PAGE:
“The brilliant author of this brilliant book” will have you laughing and crying as Meredith, after spending three years inside her house, figures out how to rejoin the world one step at a time (Gillian McAllister, author of the Reese’s Book Club Wrong Place Wrong Time).

Mental illness, sexual assault.

She has a full-time remote job and her rescue cat Fred. Her best friend Sadie visits with her two children. There’s her online support group, her jigsaw puzzles and favorite recipes, her beloved Emily Dickinson poems. Also keeping her company are treacherous memories of an unstable childhood and a traumatic event that had sent her reeling.

But something’s about to change. First, two new friends burst into her life. Then her long-estranged sister gets in touch. Suddenly her carefully curated home is no longer a space to hide. Whether Meredith likes it or not, the world is coming to her door…

Don't just take our word for it...

“A novel that examines our most private spaces and what it means to be alone versus lonely, this charming, thought-provoking debut novel will be a big hit.”
– Good Morning America

“A gorgeous, charming novel…Sweet, moving, funny and hopeful, with a courageous heroine who sweeps you up in her story.”
– Jennifer Saint, bestselling author of Ariadne

“I laughed, I cried, and I bowed down to the brilliant author of this brilliant book.”
– Gillian McAllister, New York Times bestselling author of Wrong Place Wrong Time

Taste the very first page

I’ve got six minutes to walk to the train station, plenty of time if I wear my flat boots. My trench coat is hanging on the hook by the front door, my red hat stuffed in its pocket. My bag on the kitchen table contains everything I need for a day at the office. My hair is freshly washed and straightened; my lips are glossed. They match my hat – by chance, but I like it.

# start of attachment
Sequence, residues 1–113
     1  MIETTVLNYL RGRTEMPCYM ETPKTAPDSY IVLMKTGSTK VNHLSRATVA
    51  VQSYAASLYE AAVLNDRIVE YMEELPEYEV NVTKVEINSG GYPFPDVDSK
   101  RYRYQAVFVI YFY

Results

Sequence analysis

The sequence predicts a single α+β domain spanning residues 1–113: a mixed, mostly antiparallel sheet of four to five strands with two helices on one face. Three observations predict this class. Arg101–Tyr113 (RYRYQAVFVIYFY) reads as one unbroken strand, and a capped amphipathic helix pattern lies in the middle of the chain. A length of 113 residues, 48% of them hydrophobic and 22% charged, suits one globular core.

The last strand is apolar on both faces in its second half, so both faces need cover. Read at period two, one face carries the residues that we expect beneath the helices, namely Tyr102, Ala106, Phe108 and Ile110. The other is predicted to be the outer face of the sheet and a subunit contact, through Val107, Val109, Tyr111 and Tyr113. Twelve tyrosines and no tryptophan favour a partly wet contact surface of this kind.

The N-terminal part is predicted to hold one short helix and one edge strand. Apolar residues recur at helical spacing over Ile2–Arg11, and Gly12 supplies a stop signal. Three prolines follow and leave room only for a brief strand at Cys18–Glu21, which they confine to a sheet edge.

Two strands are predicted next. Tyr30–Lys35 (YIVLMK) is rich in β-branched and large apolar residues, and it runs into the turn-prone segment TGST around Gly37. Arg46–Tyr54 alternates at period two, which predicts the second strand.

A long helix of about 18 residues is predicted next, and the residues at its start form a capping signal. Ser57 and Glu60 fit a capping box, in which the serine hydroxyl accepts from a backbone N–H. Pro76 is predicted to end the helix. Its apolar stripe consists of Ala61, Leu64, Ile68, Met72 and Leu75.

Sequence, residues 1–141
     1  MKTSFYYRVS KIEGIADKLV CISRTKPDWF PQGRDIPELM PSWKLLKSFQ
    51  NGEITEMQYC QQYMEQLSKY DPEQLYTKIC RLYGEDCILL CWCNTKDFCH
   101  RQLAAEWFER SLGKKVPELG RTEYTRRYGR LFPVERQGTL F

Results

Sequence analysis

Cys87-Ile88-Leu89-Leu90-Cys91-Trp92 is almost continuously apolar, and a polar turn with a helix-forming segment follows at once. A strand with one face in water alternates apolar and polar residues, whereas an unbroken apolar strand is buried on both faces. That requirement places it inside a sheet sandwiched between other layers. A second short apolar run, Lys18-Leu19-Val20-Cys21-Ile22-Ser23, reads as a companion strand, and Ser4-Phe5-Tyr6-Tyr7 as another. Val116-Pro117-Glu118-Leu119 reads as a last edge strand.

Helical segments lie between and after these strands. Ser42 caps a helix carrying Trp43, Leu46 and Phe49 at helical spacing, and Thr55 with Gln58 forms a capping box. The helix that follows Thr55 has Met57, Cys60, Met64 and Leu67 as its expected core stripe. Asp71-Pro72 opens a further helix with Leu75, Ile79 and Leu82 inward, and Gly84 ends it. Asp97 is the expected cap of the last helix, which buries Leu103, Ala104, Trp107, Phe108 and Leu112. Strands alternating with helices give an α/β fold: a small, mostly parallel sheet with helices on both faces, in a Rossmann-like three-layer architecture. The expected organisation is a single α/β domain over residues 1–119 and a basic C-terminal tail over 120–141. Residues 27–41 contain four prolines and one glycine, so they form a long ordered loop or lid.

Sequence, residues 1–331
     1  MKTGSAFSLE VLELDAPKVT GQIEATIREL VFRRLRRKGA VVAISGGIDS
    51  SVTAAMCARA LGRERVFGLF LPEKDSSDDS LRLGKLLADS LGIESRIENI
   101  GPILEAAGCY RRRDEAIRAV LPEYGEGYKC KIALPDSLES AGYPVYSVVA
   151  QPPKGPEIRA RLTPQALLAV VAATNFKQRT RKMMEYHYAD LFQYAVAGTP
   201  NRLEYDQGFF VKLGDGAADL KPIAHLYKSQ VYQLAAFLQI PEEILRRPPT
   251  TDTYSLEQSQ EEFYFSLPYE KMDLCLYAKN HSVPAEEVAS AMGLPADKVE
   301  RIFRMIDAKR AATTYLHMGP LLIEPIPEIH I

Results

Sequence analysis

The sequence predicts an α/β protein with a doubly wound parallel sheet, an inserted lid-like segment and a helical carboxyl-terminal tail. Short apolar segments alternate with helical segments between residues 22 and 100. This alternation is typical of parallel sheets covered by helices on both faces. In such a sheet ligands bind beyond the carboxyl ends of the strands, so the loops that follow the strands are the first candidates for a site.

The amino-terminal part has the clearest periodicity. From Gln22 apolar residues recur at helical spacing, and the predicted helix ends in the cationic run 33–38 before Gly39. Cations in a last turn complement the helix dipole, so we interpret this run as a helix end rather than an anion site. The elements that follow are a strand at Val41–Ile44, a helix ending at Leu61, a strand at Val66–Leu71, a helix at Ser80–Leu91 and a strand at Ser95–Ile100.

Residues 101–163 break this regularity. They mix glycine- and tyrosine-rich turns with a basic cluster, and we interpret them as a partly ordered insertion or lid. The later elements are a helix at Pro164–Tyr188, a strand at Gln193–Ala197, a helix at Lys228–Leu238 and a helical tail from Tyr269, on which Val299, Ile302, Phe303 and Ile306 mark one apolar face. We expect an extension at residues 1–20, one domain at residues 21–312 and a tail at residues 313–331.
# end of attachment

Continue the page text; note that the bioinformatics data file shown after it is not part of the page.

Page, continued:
Somewhere between the kitchen and the front door I become aware of a seed of doubt in my throat. I can’t swallow it down or cough it up. My chest is tight, my palms hot. Tingles race up my arms, like tiny electric shocks. I keep my eyes on the floor, watching my feet slide across the wooden boards I’d sanded, so painstakingly, only a month earlier. It’s as if they belong to someone else.

I slump on to the stairs, sit on the third step from the bottom and try to swallow. I’m still staring at my feet, encased in the thick socks I always wear with my flat boots because I tend to be between sizes and I’d opted to go up a half in them. The boots stand tall and proud beneath my coat at the end of the hall. I know they’re there, but I can’t reach them.

All I have to do is walk to the door. Slide my feet into my boots and pull the zippers. Put on my coat and my red hat. Hook my bag over my shoulder and lock the door behind me. A simple sequence that takes less than a minute of my day. If I leave now, I can still make my train. I can still get to work on time.

But the seed in my throat is swelling. I gulp for air. There’s nobody here to help me and I can’t help myself because my arms and legs are on fire.

When I can finally take my phone out of my bag, three hours have passed, I’ve had twelve missed calls, and I’m still sitting on the third step from the bottom…